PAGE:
HomeLearning CenterAlabama’s Congressional Map Struck Down as Discriminatory — Again

Alabama’s Congressional Map Struck Down as Discriminatory — Again

Originally published by Michael Li for Brennan Center for Justice

Redistricting often has twists and turns but rarely ones as wild as those that have played out in dramatic fashion over the course of the summer in Alabama. 

The Alabama saga begins in early 2022, when a federal district court struck down the state’s congressional map, ruling that the district lines adopted by lawmakers based on the 2020 census ran afoul of the Voting Rights Act.

The voided map severely fractured Black voters among multiple districts. As a result, Black Alabamians, who have grown to now make up almost 30 percent of the population, could elect their preferred candidates in only one of seven of the state’s congressional districts.

In each of the state’s other six districts, the Black population, no matter how hard it tried, was simply too small to overcome the hard-edged reality of Alabama’s starkly racially polarized politics. Six decades after the civil rights movement of the 1960s, an enduring fact of Alabama politics is that white and Black voters still overwhelmingly support different candidates up and down the ballot, especially when a contest includes a Black candidate. This polarization of voting along racial lines, which is most extreme in rural regions like the state’s Black Belt, makes it easy to lock Black voters out of power depending on how district boundaries are drawn, whether inadvertently or intentionally.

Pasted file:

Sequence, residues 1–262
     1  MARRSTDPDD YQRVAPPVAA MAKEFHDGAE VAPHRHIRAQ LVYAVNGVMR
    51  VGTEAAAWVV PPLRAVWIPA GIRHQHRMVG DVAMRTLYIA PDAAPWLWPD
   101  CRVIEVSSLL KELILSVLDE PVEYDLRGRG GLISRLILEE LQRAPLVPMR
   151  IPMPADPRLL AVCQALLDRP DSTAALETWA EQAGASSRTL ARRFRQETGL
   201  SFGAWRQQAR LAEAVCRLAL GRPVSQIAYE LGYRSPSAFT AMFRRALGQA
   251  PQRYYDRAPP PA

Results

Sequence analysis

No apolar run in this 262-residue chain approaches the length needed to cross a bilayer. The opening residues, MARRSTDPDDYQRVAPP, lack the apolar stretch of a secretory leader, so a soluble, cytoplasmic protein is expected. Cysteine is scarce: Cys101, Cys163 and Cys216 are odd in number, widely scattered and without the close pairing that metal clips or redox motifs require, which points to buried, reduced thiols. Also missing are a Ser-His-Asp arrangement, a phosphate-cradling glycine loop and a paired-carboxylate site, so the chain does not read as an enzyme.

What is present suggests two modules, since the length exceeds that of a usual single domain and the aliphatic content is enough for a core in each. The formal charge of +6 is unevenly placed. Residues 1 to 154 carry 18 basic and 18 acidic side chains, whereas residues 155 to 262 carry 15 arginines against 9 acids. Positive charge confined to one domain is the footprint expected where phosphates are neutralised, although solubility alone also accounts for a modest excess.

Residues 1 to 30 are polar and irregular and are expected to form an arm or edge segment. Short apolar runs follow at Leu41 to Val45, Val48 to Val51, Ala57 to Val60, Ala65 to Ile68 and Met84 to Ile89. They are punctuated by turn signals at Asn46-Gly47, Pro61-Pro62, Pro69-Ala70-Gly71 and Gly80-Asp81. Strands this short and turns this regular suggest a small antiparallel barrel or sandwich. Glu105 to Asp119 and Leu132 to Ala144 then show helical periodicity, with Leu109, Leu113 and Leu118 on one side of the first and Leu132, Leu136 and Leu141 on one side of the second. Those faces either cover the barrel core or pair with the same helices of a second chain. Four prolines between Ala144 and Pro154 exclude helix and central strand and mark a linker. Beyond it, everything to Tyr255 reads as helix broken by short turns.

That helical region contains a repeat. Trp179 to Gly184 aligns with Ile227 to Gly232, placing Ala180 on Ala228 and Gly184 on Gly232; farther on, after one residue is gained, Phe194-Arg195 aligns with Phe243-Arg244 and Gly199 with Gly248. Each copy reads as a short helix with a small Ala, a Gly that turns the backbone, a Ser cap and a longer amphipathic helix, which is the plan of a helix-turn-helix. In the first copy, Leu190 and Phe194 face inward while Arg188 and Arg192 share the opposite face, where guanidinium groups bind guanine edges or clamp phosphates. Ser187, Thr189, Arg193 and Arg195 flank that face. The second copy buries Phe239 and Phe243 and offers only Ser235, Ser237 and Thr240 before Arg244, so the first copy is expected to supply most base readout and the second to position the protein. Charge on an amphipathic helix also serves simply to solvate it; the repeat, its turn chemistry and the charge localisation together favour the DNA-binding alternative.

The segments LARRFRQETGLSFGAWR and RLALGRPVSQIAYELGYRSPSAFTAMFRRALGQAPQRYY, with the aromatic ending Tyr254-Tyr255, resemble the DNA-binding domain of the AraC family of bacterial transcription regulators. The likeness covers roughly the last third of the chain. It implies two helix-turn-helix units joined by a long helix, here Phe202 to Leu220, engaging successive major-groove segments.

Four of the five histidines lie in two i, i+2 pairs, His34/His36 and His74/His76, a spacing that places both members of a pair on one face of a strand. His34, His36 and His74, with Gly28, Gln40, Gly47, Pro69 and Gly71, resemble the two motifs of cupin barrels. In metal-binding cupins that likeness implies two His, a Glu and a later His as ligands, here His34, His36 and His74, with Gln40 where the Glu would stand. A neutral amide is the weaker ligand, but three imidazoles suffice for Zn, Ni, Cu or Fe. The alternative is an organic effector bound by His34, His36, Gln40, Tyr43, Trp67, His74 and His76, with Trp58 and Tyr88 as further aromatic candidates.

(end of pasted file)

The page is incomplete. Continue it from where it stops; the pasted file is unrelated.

To fix the map’s illegal dilution of Black political influence, the three-judge panel ordered Alabama to create a second congressional district “in which Black voters either comprise a voting-age majority or something quite close to it.”

Alabama appealed to the Supreme Court, which blocked the decision from going into effect for the 2022 election. But in June, after arguments in the case, Chief Justice John Roberts handed down a 5–4 opinion not only upholding the trial court’s ruling in full but robustly reaffirming the nearly 40-year-old framework for deciding similar cases under Section 2 of the Voting Rights Act.

The directive to Alabama was unambiguous: Create a second congressional district where Black voters have a fair shot at electoral success. But what happened next was head spinning.

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